National Book Foundation Program to Spotlight Books on Science, Alex Torres Remembers Anthony Veasna So, and More

by Staff

Every day Poets & Writers Magazine scans the headlines—publishing reports, literary dispatches, academic announcements, and more—for all the news that creative writers need to know. Here are today’s stories.

Science + Literature, a new initiative of the National Book Foundation funded by the Alfred P. Sloan Foundation, will spotlight outstanding books on science and technology. Three books will be selected by a committee every year and each author will receive a prize of $10,000. (Publishers Weekly)

“I started realizing that the sensitive, introspective Anthony, who emerged most forcefully when it was just us, was easiest to see in his art, and studying it taught me how to understand his emotional world.” Alex Torres recalls having a rocky first date with the late Anthony Veasna So, the author of Afterparties, but growing together through art. (BuzzFeed News)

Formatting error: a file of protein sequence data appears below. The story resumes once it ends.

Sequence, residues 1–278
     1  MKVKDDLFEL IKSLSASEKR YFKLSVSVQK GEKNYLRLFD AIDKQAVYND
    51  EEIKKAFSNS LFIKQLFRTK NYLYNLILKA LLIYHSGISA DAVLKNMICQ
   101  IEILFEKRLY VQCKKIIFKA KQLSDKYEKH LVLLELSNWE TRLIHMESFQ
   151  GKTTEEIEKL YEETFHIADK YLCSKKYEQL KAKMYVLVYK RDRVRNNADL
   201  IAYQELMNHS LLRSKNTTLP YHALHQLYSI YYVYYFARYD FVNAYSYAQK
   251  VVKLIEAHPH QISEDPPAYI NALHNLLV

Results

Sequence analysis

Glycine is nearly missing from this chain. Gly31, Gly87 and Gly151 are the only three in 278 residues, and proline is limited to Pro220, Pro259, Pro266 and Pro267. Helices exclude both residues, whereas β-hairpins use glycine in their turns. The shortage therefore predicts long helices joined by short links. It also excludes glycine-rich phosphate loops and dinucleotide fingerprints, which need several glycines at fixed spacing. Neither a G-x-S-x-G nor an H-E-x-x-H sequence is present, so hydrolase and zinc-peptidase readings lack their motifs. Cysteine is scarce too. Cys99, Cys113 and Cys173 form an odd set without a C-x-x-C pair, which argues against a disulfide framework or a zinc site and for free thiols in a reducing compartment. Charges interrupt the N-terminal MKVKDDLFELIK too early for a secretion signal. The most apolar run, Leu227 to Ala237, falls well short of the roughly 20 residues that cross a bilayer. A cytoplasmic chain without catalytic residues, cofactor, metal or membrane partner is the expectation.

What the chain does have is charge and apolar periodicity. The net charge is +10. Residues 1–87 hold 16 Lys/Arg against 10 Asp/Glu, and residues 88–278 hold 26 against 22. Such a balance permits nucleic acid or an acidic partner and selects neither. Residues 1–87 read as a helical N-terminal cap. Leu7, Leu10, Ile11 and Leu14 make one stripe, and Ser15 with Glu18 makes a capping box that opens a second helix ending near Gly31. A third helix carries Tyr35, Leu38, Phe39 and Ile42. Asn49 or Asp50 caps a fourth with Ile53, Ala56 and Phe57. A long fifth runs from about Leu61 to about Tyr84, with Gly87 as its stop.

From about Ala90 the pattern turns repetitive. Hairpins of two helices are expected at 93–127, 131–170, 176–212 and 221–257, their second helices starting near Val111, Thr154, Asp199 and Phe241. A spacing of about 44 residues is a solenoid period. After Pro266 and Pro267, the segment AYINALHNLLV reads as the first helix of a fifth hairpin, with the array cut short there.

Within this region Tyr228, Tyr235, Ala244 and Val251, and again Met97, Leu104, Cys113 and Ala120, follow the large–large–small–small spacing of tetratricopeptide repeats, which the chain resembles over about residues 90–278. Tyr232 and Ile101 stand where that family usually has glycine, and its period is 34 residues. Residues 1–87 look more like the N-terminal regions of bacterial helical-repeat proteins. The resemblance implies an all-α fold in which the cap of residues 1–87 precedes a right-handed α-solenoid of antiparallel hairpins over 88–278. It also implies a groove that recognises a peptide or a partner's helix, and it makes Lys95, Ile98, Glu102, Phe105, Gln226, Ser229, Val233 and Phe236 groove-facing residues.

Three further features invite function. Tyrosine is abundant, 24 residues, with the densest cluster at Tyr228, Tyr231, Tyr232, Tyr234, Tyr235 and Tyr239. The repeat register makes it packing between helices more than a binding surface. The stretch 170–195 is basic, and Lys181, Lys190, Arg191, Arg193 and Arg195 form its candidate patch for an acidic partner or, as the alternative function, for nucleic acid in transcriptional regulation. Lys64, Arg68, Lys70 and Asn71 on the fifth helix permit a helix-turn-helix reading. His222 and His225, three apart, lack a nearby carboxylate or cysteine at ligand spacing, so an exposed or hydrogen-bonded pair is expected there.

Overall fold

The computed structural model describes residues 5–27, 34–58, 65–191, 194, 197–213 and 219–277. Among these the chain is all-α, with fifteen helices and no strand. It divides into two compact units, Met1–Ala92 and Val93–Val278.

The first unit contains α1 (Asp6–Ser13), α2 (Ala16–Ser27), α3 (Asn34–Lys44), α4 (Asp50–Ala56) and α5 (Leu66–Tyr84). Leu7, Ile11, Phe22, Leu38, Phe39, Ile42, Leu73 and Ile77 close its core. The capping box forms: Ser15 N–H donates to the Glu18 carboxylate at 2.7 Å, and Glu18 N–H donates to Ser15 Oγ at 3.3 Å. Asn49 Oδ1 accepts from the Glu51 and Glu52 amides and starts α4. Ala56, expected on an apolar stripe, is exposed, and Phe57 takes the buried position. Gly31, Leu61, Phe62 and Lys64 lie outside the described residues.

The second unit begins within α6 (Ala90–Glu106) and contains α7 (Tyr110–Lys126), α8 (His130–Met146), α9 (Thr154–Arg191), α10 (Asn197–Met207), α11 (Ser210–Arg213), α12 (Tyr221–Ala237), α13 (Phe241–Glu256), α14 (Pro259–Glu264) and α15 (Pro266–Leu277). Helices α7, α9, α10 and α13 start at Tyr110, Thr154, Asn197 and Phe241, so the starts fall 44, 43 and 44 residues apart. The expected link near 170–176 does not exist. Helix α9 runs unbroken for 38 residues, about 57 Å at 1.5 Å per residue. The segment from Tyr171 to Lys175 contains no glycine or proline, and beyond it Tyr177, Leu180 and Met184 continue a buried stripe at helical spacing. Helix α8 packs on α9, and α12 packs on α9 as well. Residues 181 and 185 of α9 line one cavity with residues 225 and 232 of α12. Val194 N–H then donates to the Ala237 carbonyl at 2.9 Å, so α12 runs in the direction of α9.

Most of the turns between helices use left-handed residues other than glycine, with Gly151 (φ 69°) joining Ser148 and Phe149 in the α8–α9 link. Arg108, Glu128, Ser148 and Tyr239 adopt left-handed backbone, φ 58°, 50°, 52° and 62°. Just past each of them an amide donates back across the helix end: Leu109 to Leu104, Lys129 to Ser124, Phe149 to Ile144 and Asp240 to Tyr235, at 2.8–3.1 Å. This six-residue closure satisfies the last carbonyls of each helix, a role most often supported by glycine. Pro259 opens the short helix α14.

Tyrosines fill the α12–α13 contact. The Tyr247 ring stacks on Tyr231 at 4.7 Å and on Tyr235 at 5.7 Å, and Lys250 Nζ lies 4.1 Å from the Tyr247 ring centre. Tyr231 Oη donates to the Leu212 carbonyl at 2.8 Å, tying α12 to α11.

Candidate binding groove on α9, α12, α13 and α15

Torres wrote an essay on Afterparties and So’s literary legacy for the First Fiction feature in the latest issue of Poets & Writers Magazine. An excerpt from Afterparties is also online.

“Anthony is not joining a pantheon of American greats so much as he is posthumously helping build a brand-new pantheon, a whole new canon.” Danny Thanh Nguyen writes about his friendship with So and celebrates the late author’s contributions to the building of a Cambodian American literary community. (GQ)

Meron Hadero has become the first Ethiopian writer to win the AKO Caine Prize for African Writing. She earned the £10,000 prize, which was founded in 2000 to honor outstanding short stories by African writers, for “The Street Sweep.” (Literary Hub)

“You get stuck upfront when you first meet people. Like here’s how they’re presenting themselves to you, or here’s how I present myself to people I haven’t met before. But then through the course of actually getting to know a person, there are these layers that are underneath.” Kristen Arnett, the author of With Teeth, explains how people (and fictional characters) are like onions. (Creative Independent)

“I knew it had to be set during the early days of the Internet, back when the Web bordered on magical, when it seemed like a benign tool or a new kind of toy.” Sarah Braunstein discusses the time and setting of her story “Superstition,” which recently appeared in the New Yorker.

“I’ve tried to write about horses so many times. But the thing about a horse is, it’s never about the horse.” T Kira Māhealani Madden writes about loving, leaving, and coming back to horses. (Refinery29)

Katie Kitamura, the author of Intimacies, and Ashley Nelson Levy, the author of Immediate Family, trade questions about their recently released books. (BOMB)